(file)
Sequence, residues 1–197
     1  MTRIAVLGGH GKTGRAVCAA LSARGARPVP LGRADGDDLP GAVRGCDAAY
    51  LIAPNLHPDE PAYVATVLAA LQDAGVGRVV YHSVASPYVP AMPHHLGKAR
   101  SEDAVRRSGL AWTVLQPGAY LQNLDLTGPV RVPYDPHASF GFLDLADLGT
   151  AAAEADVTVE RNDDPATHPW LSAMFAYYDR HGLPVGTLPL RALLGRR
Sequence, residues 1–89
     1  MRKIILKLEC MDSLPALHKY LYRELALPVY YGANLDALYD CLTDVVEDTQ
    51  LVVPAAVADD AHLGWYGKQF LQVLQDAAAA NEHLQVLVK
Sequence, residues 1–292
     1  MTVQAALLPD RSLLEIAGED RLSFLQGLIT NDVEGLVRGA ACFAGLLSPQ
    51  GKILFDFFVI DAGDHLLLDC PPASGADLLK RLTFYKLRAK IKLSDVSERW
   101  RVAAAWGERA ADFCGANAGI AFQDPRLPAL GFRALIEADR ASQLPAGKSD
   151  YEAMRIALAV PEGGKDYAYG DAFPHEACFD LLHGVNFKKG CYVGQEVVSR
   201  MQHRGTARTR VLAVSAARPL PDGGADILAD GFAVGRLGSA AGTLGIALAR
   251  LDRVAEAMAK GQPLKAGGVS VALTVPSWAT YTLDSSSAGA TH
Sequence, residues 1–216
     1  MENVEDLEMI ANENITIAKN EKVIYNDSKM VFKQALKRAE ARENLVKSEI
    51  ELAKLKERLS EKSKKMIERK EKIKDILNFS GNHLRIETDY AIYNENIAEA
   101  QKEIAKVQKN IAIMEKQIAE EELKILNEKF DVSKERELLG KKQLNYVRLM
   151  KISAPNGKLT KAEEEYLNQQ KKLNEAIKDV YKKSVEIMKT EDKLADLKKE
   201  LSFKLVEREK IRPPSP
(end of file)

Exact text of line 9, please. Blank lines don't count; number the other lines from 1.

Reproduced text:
Sequence, residues 1–292